Moving into a Response Space: A Framework for Health Services working with Vulnerable Families

Moving into a Response Space: A Framework for Health Services working with Vulnerable Families

28 May 2014
Moving into a Response Space: A Framework for Health Services working with Vulnerable Families

Belinda Mawhinney describes how health services can be better supported in their work with children and young people at risk of harm.

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Belinda Mawhinney is Co-ordinator, Child Wellbeing and Clinical Projects at Sydney Local Health District. In this article she describes her experience as a Churchill Fellow, and the outcomes of her project, which examined how health services can be better supported in their work with children and young people at risk of harm.

The opportunity to travel the world and meet with leading experts in child protection was one that I could not overlook. At the beginning of 2013 I started preparing an application for a travelling Fellowship through the Winston Churchill Memorial Trust.

After a competitive application process, I was extremely fortunate and honoured to be awarded a Churchill Fellow for 2013. I scoped my Fellowship project to focus on the role of health services responding to children and young people at risk of harm. A great impetus in my thinking was the implementation of the Keep Them Safe Reform1 which led to significant practice changes for the health workforce in New South Wales.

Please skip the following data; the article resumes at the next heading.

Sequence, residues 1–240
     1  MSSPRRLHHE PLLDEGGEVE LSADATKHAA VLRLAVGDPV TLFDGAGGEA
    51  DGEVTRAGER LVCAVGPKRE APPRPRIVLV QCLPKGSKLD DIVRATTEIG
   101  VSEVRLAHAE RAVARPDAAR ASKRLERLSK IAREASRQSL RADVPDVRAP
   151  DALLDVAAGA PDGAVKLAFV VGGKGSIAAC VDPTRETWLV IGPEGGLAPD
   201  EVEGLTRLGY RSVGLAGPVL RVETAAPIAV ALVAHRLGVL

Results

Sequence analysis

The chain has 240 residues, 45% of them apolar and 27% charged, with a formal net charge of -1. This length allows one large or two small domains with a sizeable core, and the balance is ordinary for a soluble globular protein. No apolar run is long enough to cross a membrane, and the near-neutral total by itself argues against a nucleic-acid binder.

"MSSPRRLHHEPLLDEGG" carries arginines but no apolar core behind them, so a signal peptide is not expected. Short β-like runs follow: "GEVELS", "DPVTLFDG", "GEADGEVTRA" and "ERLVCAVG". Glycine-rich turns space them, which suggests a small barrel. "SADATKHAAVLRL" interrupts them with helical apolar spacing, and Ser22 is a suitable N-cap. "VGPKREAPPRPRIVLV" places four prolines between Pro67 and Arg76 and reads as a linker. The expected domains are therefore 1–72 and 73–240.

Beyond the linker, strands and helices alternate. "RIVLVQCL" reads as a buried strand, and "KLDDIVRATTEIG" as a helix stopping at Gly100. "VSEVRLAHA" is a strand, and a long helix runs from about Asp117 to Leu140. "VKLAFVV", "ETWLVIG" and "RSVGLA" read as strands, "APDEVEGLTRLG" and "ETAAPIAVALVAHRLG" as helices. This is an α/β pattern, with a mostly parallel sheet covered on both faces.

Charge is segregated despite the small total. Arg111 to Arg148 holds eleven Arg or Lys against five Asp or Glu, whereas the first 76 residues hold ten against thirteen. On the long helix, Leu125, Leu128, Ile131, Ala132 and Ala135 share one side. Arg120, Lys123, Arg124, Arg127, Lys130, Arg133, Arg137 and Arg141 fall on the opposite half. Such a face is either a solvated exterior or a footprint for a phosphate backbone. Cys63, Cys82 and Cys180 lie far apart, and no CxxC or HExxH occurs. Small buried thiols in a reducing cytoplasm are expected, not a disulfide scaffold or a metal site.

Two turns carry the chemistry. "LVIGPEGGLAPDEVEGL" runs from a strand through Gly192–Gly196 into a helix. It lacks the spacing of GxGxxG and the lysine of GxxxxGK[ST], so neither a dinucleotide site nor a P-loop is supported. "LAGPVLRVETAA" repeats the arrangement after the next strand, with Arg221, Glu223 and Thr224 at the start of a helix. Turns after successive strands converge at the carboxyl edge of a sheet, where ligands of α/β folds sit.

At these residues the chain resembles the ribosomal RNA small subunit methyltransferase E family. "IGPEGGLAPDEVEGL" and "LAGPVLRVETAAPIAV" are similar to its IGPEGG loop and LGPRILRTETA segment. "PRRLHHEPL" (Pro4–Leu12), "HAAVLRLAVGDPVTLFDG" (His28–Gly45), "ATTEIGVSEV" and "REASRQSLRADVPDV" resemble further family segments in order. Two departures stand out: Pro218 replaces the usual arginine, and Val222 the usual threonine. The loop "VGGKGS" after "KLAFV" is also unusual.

The Keep Them Safe Reform shifted the landscape of child protection, promoting a strong message of ‘a shared approach to child protection and wellbeing’. The addition of the term “wellbeing” reflected a new threshold of risk.

The premise for mandatory reporting to the Department of Family and Community Services in New South Wales allows suspicions to be reported without solely relying on confirmed abuse, providing the mandatory reporter has reasonable grounds for making such a report. These reports are made where risk of significant harm is suspected.

Where concerns are suspected to be below the threshold, the responsibility to provide a response remains with non-statutory organisations. Alternative reporting provisions are in place for some government agency staff, such as health workers, to refer below the threshold concerns to Child Wellbeing Units (CWU). The establishment of the CWU promotes a greater emphasis on agencies, such as health services, to work with families where there are risk factors for child abuse or where there are “wellbeing” concerns. In these instances, responses are provided in the absence of the statutory child protection agency.

So with this in mind, I designed a six-week travel program including Canada, the United States of America, the United Kingdom and Ireland to meet with an array of practitioners, researchers, academics, consultants and experts in the field of child protection. I wanted to turn a spotlight on the role of health services, and have conversations about how the workforce may enhance existing efforts of working with vulnerable families. I aimed to draw on lessons learned from similar child protection systems and explore opportunities to strengthen practice.